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Andrew George: To ask the Secretary of State for Environment, Food and Rural Affairs how many late applications for EU and other funding, broken down by category, have occurred in her Department and its predecessors since 1997; and if she will list them by amount. 
Mr. Meacher: Estimates for the total cost of global warming to the British economy during this period are not available. The Department has however sponsored preliminary research by Environmental Resources Management Ltd. to estimate the cost of adapting to climate change in key sectors such as water and flooding. Copies of this report have been placed in the House of Commons Library.
In addition, the Association of British Insurers has estimated that weather damage claims associated with the current climate cost an average of #710 million per year over the period 199889 to 199899. The damage costs associated with extreme weather are likely to rise as such events become more frequent in future due to climate change.
Mr. Meacher: Following the general election in June 2001, the previously informal Green Ministers Committee was upgraded to a Cabinet Sub-Committee of ENV. It is established practice under exemption two of Part II of the Code of Practice on Access to Government Information not to disclose information relating to the proceedings of Cabinet Committees.
However, progress made by ENV(G), and its parent committee ENV, on the contribution of all Departments to sustainable development is made public annually through the Sustainable Development in Government Report (the successor to the Greening Government reports). The next report is due to be published shortly. In addition, key developments during the year are posted on the Sustainable Development in Government website, http://www.sustainable-development.gov.uk/sdig/index.htm (launched in July 2002). The Environment Audit Committee is of course already free to call for reports and evidence at any time.
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Norman Baker: To ask the Secretary of State for Environment, Food and Rural Affairs what the average (a) consumption of energy by and (b) emission of greenhouse gases from the average family house was in each year since 1997.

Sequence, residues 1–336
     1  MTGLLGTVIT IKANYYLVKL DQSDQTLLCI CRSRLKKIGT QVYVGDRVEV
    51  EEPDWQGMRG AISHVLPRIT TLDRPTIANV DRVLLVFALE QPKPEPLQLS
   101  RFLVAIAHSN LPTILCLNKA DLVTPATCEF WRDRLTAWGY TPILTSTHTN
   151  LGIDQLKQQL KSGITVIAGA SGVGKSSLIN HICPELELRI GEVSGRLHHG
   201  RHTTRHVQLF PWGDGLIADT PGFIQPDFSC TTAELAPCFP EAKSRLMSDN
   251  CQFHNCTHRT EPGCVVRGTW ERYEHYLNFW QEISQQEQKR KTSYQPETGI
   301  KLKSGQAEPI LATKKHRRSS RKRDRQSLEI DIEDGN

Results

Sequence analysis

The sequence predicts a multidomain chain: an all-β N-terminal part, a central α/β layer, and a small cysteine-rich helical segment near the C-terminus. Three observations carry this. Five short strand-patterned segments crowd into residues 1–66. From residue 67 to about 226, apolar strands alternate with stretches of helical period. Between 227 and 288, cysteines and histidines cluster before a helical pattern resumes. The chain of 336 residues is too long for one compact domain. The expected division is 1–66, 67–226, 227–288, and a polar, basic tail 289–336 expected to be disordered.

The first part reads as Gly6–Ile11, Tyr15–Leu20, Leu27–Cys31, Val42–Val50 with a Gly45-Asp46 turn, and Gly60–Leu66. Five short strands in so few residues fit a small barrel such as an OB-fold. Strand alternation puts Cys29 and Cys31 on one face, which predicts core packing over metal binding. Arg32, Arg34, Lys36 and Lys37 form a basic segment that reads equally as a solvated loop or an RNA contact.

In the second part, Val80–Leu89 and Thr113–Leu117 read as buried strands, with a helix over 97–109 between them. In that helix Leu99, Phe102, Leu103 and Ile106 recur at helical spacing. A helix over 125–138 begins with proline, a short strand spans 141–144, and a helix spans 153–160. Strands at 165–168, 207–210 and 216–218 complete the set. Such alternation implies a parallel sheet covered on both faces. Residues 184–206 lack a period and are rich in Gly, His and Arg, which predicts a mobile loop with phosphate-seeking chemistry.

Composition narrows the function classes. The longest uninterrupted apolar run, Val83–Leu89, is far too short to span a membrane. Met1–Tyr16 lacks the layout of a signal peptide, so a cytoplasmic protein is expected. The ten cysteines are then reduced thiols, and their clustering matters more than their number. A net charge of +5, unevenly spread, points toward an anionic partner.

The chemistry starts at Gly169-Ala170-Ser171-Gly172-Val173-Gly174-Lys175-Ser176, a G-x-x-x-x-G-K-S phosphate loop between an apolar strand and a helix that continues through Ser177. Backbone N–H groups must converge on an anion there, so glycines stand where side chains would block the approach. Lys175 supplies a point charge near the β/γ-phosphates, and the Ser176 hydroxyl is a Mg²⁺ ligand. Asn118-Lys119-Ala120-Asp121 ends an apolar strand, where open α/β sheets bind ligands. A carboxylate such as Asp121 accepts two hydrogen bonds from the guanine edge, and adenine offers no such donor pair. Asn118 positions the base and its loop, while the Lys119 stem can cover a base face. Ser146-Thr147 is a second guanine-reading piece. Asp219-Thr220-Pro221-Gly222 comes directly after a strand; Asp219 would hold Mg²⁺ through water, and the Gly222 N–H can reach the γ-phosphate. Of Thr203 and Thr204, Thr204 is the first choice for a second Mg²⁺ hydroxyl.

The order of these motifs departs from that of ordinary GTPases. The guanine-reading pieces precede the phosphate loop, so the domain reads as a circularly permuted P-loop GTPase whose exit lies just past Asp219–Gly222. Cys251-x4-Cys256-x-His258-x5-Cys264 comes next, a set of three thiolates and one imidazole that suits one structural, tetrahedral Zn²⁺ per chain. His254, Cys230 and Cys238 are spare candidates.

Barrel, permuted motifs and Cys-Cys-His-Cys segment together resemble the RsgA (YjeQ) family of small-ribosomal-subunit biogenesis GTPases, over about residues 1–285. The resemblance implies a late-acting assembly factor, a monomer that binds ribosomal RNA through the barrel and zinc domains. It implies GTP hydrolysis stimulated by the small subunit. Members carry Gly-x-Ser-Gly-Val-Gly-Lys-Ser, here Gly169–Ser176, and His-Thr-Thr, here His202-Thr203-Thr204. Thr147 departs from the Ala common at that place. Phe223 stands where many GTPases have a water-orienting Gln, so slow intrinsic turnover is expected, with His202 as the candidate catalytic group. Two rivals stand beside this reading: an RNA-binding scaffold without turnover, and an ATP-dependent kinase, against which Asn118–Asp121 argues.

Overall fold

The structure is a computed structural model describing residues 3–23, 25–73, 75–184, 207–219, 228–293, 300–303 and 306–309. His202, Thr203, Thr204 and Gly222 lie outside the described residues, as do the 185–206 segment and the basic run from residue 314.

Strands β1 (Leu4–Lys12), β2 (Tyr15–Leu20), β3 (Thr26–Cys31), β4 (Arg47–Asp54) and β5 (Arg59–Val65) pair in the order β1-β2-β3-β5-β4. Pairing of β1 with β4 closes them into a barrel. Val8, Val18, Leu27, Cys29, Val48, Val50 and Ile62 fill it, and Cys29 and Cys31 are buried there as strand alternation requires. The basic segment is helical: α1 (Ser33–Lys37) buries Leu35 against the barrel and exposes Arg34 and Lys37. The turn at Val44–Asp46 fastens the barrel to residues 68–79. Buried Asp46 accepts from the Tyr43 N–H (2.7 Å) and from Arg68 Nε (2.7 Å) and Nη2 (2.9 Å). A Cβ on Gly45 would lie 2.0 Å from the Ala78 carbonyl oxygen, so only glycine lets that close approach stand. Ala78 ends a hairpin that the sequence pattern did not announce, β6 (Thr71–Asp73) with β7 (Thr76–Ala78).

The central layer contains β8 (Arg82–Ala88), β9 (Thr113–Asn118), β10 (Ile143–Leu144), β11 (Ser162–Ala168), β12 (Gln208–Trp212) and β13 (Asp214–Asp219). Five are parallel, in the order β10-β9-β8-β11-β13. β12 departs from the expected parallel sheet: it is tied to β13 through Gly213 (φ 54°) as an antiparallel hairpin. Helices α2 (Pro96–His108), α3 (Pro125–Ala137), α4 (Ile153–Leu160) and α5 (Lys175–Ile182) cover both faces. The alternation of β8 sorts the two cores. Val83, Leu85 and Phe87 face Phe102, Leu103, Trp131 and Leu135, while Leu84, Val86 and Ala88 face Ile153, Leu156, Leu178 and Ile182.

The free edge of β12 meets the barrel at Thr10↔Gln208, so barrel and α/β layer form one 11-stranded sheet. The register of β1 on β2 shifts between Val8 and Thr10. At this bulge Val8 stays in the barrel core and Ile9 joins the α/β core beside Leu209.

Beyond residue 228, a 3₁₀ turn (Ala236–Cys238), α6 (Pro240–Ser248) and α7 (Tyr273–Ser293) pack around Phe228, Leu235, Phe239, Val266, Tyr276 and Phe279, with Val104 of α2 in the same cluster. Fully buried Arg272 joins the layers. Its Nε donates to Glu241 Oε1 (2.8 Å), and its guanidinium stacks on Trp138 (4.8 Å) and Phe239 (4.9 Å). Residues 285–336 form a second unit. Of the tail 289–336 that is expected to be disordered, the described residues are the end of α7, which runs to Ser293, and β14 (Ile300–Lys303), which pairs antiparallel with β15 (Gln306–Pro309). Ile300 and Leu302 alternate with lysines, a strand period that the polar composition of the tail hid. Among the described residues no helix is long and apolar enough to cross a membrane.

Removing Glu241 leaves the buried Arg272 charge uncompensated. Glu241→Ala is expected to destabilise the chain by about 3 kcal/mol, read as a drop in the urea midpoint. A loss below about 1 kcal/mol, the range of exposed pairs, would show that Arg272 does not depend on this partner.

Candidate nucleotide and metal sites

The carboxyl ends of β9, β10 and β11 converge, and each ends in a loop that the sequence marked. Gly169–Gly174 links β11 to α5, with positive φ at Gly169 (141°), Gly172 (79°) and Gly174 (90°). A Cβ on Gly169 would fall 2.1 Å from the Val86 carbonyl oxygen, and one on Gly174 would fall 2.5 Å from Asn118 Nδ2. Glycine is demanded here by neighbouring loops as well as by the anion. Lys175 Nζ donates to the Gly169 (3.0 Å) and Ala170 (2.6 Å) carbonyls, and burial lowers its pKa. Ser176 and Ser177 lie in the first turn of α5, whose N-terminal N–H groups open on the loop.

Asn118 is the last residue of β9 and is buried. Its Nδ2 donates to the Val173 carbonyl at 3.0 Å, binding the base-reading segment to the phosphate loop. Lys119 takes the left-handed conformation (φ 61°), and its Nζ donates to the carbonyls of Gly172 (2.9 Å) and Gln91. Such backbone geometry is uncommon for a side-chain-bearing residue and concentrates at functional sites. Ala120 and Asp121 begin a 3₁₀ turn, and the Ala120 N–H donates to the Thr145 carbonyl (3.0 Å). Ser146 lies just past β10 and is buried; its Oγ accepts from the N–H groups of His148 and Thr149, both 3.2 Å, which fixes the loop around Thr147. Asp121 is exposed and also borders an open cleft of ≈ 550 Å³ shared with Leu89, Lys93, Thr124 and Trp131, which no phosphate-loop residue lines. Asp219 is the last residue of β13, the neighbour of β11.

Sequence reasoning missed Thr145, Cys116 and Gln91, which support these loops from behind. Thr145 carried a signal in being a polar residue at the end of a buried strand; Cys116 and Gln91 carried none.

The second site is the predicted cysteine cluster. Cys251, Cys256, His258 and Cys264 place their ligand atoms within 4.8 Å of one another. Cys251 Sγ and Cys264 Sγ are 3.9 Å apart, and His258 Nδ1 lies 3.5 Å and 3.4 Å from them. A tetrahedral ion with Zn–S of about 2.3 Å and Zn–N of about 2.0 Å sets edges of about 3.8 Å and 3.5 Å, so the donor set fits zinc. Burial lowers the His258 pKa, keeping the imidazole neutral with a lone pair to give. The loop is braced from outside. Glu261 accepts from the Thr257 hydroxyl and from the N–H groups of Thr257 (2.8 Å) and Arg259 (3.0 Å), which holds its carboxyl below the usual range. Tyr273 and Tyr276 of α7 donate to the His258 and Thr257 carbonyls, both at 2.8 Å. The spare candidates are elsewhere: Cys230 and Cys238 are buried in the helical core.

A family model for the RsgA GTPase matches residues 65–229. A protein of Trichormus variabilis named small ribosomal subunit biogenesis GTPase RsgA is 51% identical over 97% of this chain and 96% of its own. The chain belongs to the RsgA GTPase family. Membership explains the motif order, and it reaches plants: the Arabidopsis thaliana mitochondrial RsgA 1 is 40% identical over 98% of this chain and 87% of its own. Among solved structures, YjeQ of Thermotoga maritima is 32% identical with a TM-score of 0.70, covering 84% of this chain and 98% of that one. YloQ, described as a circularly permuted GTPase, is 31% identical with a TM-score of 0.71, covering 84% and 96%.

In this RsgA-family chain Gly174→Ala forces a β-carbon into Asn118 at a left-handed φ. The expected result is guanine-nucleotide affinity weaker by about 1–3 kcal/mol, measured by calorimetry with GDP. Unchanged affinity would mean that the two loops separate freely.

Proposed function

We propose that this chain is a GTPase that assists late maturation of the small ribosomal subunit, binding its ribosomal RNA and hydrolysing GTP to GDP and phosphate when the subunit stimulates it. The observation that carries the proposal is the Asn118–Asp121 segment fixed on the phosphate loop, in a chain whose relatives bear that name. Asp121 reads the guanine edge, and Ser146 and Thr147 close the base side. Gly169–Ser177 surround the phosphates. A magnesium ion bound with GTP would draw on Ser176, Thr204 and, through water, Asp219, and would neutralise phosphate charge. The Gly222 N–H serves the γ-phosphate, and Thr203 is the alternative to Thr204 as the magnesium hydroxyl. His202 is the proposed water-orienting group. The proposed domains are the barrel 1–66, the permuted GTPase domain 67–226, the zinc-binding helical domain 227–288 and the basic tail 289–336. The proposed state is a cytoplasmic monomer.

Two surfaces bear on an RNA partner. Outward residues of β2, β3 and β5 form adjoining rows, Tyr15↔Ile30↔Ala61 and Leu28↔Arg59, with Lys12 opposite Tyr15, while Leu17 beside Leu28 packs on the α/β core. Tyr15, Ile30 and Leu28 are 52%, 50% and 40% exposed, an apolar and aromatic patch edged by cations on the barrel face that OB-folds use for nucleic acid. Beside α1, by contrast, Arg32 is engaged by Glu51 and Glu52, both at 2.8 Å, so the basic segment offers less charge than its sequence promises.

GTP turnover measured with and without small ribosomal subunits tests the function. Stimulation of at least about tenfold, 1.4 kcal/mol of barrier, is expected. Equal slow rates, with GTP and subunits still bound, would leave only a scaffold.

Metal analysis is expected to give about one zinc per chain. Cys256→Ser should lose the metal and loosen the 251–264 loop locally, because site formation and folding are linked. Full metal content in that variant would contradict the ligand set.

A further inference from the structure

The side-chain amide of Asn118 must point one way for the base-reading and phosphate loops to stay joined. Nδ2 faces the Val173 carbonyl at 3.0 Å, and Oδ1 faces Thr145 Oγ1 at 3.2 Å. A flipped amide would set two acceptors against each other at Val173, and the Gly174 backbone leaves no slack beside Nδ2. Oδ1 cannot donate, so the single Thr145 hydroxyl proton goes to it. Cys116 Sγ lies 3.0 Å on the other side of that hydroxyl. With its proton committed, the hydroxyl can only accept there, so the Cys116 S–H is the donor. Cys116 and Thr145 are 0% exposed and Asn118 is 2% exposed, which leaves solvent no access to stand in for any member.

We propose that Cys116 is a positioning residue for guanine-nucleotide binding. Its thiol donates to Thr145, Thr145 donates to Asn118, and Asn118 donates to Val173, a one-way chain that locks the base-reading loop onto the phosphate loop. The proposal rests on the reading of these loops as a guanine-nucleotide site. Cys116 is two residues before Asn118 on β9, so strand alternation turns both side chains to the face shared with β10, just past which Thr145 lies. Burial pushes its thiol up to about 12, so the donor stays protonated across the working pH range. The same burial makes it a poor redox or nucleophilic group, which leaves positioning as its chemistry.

|Average UK household energy consumption (GJ)||Average UK household carbon dioxide emissions (tonnes CO2)||Average UK household greenhouse gas emissions (tonnes CO2 equiv.)|
Norman Baker: To ask the Secretary of State for Environment, Food and Rural Affairs what estimate she has made of the percentage of greenhouse gas emissions which emanate from (a) the US, (b) other OECD countries and (c) developing countries; and what this represents in each category as emissions per person. 
Mr. Meacher: The International Energy Agency has published global greenhouse gas emissions estimates by country for 1995. These data suggest that in that year the United States and other OECD countries accounted for around 20 per cent. and 25 per cent. of global greenhouse gas emissions respectively. Developing countries accounted for around 45 per cent. Emissions per capita were around 7, 3 and 1 tonnes of carbon equivalent per person averaged over the US, other OECD countries and developing countries respectively. These estimates include all greenhouse gases covered by the United Nations Framework Convention on Climate Change and the Kyoto Protocol. They do not include the countries with economies in transition in Central and Eastern Europe which in 1995 accounted for the remaining 10 per cent. of global emissions, with emissions per capita of about 3 tonnes of carbon equivalent.
Mr. Gray: To ask the Secretary of State for Environment, Food and Rural Affairs (1) what discussions her Department has held with the authors of the Joint Universities Study on Deer Hunting (The physiological response of red deer (Cervus elaphus) to prolonged exercise undertaken during hunting, 1998) about the physiological effects on deer which (a) escape after being hunted and (b) are hunted and shot; 
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(3) what plans she has to establish a national strategy for the management of (a) foxes, (b) hares, (c) deer and (d) mink; 
(4) what studies her Department has (a) commissioned and (b) evaluated into the economic damage caused by the deer population to root crops and grass by grazing, trampling and lying; and what assessment her Department has made of trends over the last 10 years; 
(5) what studies her Department has (a) commissioned and (b) evaluated into the economic cost of agricultural damage caused by (i) foxes, (ii) hares, (iii) deer and (iv) mink; 
(6) what studies her Department has (a) commissioned and (b) evaluated into the (i) fox, (ii) hare, (iii) mink and (iv) deer (1) red, (2) fallow, (3) roe, (4) sika, (5) muntjac and (6) Chinese water deer populations in England and Wales; and what estimates have been made of current populations compared to those 10 years ago; 
(7) what studies her Department has commissioned into the agricultural damage caused by badgers; 
(8) what studies her Department has (a) commissioned and (b) evaluated into the predation of (i) water voles and (ii) fish by mink; 
(9) what studies her Department has (a) commissioned and (b) evaluated into negative physiological effects on (i) foxes, (ii) hares and (iii) mink which escape after being hunted.